The deal saw 21 million shares placed with institutions and other investors at 533p each. The two children now hold a 2 per cent stake in the company. Sir Graham holds 8 per cent and says he has no plans to sell his holding.
The sale removed an element of uncertainty over the shares, which rose 16.5p to 544p.
The shares were sold by Michael Kirkham, a 29-year-old charity worker, and his sister Julie, a 30-year-old former Yorkshire television employee who has recently given birth to her second baby. They sold the shares because they wanted to develop a wider portfolio of investment interests.
Sir Graham said he was not disappointed with the decision. The share sale is the latest in a string of disposals by the family founded by Sir Graham 26 years ago.
The family sold 48 per cent of the business for pounds 125m when DFS was floated on the stock market in 1993. A year ago, Sir Graham sold another batch of shares worth pounds 74m.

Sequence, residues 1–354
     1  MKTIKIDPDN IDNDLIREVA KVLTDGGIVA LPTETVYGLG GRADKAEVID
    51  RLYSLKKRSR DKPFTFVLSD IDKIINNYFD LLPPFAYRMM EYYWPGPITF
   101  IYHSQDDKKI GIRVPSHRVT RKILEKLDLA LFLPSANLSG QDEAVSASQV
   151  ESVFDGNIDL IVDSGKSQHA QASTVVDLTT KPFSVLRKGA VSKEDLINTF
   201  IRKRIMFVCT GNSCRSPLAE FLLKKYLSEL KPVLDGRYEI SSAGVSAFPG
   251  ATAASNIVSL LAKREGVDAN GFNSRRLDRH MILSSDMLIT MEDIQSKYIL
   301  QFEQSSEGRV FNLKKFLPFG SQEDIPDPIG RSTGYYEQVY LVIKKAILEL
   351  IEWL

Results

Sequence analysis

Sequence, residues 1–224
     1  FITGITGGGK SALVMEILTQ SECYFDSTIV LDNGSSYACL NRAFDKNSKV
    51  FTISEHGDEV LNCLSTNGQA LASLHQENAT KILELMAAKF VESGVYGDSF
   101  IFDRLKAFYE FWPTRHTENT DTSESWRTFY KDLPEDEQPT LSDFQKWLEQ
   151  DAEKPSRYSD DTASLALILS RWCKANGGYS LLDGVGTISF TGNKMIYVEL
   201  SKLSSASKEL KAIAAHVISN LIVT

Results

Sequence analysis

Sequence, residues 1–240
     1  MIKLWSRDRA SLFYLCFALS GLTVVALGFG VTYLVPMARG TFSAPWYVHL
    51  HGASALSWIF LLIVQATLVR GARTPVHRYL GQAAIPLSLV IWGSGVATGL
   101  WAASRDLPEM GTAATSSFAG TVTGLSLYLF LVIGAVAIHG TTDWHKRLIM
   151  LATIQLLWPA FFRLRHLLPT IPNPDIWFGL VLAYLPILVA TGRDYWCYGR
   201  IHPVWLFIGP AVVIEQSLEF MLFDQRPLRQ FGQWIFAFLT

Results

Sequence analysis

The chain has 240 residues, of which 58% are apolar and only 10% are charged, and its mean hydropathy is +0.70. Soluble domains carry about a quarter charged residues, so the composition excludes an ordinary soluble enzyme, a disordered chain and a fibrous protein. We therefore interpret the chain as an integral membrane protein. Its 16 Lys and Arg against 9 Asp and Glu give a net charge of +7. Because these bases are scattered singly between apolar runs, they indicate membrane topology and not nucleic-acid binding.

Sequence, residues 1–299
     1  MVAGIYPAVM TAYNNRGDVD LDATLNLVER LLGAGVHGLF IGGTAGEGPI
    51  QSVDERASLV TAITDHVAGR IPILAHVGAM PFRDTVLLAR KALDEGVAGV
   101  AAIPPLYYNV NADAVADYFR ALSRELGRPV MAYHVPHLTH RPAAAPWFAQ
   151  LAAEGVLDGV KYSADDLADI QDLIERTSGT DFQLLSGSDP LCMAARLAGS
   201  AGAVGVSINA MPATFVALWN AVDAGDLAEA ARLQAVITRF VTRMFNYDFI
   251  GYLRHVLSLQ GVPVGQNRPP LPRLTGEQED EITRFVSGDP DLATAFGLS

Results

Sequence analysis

Sir Graham hinted that some of the money raised by his children's sale might be invested in property or art. He said the family had no significant property interests "which might be seen as a gap". Sir Graham's children share his interests in art, though their tastes differ. While Sir Graham prefers traditional artists such as Gainsborough, his son prefers modern German paintings.
Last month DFS unveiled a 18 per cent surge in profits to pounds 31m. This was accompanied by a 20 per cent increase in the dividend and a special dividend of 10p per share for the second year running.
There are 38 branches of DFS, which specialises in selling upholstered furniture at competitive prices. The company has recently moved into the highly competitive London market with its first stores within the M25.
Heavy advertising and training costs have dented margins but the plan is to build a national network of 100 stores. This would give DFS a 25 per cent share of the UK upholstered furniture market.Reuse content